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Day 80 – June 4, 2020

Categories: COVID-19 Daily Report, The First 100 Days, Follower Favourites, Politics, Science of COVID-19|Tags: , , , , , , , , , , , , , , , |

I had a whole thing written out today… but it’s taken a sharp turn… and I ended up pulling the plug on the latter half of it. It might not surprise you to learn that I have a lot to say about all sorts of topics, and sometimes my personal opinion perhaps clouds my judgement… or let’s just call it objectivity. I have a pretty clear idea of what I think is right, but that’s never stopped me from trying to put myself in someone else’s shoes, to see how things look from their point of view. Everyone has their story, as incongruent as it might be, so let’s hear it. I might learn something from it.

I’m going to get a little technical for a moment. There are two techie things to understand: A Virtual Machine and a VPN. Feel free to skip the next two paragraphs if you know what those things are.

A Virtual Machine is basically a computer running inside a computer. A host computer runs the virtual machine, and the virtual machine (and everything running in it) thinks it’s running as a stand-alone computer. For example, this is being written on a Mac, my primary computer (and host computer). But off in the corner, at the moment, I have a tiny VM… running, of all things, Windows XP. I need to do this because I have some hardware that needs controlling and for which there’s no current software; the old stuff runs fine, so rather than having a whole computer dedicated to it, I have this 20-year-old operating system running inside a VM that makes it look like 20-year-old hardware. That operating system thinks it’s running on a computer with a Pentium 4 chip, 512 megs of RAM and a 5GB hard drive. Minuscule numbers for today, but they work just fine for the purpose.

A common use for a Virtual Private Network (VPN) is to establish a location different than where you actually are. Typically, VPNs are used to grant access securely to some remote resource, but people quickly figured out a convenient by-product… that often, those VPNs are based elsewhere. From there sprung-up a whole industry for people trying to bypass local controls. For the most part, a website can only tell where you physically are from the IP address you’re using. It’s a big no-no in some places in the world to connect to a VPN… like everywhere that the government controls access to the internet, because many VPNs allow you to select the location you want… be it a country, state or even city. Around here, people mostly use VPNs to watch US-based Netflix. When you connect to a VPN, you can “be” anywhere in the world that you want.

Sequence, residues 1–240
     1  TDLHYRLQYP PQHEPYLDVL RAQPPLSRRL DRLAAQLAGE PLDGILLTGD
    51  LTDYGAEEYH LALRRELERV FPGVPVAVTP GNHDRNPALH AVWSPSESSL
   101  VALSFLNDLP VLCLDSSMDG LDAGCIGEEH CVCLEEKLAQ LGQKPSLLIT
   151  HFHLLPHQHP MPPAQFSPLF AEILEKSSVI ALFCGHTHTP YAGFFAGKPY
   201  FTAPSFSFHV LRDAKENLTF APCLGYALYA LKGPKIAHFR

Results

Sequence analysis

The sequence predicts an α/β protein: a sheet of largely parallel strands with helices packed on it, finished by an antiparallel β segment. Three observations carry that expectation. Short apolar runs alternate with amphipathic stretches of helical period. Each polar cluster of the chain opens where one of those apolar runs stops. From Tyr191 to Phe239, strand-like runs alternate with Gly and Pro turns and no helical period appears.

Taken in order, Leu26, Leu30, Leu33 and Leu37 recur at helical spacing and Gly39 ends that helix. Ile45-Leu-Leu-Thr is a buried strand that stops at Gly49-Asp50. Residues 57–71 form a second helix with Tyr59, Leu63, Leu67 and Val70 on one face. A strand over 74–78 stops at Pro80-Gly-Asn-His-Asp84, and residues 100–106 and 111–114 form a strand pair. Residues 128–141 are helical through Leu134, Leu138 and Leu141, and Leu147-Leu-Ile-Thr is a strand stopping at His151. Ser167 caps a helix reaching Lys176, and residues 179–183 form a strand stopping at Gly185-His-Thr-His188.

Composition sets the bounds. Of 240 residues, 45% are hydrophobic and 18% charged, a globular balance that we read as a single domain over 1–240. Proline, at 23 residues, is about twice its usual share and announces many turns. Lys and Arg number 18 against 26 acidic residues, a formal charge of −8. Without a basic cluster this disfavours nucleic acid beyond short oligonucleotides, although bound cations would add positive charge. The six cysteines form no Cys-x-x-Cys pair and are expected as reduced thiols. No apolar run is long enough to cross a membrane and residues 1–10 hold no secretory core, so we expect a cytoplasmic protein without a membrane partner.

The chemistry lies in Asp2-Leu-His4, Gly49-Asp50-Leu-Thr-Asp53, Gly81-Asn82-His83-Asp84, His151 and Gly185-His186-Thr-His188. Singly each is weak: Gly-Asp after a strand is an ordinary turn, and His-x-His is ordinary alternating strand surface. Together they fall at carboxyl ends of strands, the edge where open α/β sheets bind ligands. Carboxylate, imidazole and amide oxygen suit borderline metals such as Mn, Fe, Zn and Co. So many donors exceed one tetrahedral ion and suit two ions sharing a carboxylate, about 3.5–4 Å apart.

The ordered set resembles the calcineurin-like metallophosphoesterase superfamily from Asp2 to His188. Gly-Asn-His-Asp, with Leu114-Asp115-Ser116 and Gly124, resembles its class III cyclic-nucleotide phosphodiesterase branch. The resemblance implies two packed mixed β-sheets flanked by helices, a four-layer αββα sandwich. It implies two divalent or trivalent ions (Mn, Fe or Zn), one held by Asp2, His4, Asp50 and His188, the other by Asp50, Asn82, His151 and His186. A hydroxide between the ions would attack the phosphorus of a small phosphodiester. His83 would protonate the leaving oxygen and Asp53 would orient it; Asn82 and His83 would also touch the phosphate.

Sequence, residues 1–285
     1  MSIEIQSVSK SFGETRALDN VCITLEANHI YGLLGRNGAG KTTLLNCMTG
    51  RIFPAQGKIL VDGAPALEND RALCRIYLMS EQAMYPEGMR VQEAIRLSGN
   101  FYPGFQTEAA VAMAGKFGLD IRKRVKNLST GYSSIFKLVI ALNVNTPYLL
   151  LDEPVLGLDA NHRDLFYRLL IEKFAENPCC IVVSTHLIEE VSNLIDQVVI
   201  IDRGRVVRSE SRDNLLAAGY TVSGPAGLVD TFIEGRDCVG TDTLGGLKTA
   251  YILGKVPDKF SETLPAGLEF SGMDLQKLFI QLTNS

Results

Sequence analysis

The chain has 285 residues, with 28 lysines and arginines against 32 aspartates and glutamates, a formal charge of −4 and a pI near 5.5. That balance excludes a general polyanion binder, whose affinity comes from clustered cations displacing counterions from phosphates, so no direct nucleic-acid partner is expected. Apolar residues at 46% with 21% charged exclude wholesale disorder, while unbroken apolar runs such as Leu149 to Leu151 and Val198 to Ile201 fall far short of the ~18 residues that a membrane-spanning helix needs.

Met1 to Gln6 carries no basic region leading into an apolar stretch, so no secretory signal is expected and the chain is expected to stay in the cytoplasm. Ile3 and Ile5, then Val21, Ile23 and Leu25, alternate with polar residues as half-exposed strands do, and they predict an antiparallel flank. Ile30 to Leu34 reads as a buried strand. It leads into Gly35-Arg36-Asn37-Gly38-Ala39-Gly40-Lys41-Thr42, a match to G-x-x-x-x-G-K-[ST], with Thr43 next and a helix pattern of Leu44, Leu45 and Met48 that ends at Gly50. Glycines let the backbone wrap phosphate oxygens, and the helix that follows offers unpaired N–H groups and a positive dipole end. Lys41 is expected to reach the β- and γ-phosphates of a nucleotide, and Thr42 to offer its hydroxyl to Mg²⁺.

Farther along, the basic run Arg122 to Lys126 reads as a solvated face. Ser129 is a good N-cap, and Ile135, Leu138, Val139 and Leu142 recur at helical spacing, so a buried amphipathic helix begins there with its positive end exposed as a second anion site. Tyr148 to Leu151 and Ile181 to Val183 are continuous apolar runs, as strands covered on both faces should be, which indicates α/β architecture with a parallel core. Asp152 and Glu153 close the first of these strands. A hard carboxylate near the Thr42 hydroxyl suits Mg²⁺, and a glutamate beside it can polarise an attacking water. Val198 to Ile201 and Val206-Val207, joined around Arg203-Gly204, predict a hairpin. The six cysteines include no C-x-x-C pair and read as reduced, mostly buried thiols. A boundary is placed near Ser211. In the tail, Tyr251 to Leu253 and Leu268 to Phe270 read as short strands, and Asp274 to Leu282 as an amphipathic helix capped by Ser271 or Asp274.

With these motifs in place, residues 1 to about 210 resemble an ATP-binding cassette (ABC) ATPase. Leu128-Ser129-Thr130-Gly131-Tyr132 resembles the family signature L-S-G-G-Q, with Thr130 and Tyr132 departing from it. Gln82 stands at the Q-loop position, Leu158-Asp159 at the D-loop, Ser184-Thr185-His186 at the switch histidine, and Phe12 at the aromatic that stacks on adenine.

So a while back, I created a completely clean VM — like a brand-new installed operating system. I then set that VM to always connect through a VPN, in what we would all call a very red state. Serious MAGA country. Then I signed up for a new fake email address and then, Facebook. That FB profile had a fake name and fake credentials… no pictures of me… just many of American flags, Donald Trump, etc.

The intent here was research. I had no intent on engaging with anyone. I just started “Liking” lots of different groups, friending lots of American patriots, to see what my feed would look like. What would show up, and, more importantly, what “news” would show up? I just wanted to see what this world looks like from a very different lens… and you’d be surprised… slick and professional. Totally believable… so much so, a few times I had to go back and check other news sources to compare. What actually did happen today?

Near the end of the experiment, I made the mistake of engaging, because I was getting frustrated at all the crap I was seeing, and the same non-questioning, non-critical-thinking RaRaRa MagaTrump etc… there was such misinformation being posted that it begged asking… so I sent this blurb to a few people:

“I am curious about something — are you propagating misinformation on purpose? Are you just blindly copying/pasting information because it aligns with what you hope is reality? I apologize in advance if this comes off as a personal attack; it’s not meant to be. I’m just noticing a lot of people taking information that can’t possibly be correct and reposting it because it agrees with their version of reality, as warped as it might be. What you posted — do you know it’s bullshit? Do you not expect to get called on it? I’m genuinely curious.”

The result was what you’d expect, but far worse. It became impossible to manage.

I ended up shutting it down. I closed the FB account, closed the email, dragged the VM to the Trash. The whole fake identity no longer exists. Unfortunately, the reality with which that identity briefly interacted — it’s all still there.

I am desperate to see real change in the word, but I am incredibly discouraged by what I experienced. There is a whole block of population that simply can not understand, doesn’t want to understand, is unwilling to understand… it doesn’t matter how you word it. There are people who will post something so outrageous that it’s literally impossible for it to be true, yet they will defend it to the death. There is no logic that can be applied to convince them otherwise, because they don’t want to be convinced. They have their truth. So if you can’t convince someone who seems intelligent and educated… that their COVID-19 numbers, claiming a death-rate that would require the US population to be 15 billion people — are bullshit, how far do you think you’re going to get with more subtle, reasonable arguments… be it the pandemic, politics, racism, whatever. Their minds are made up, and nothing will ever change them.

As per the first sentence of this post… I’m cutting it here. My intent here is not to insult people, just inform… be it facts, or simply my opinion.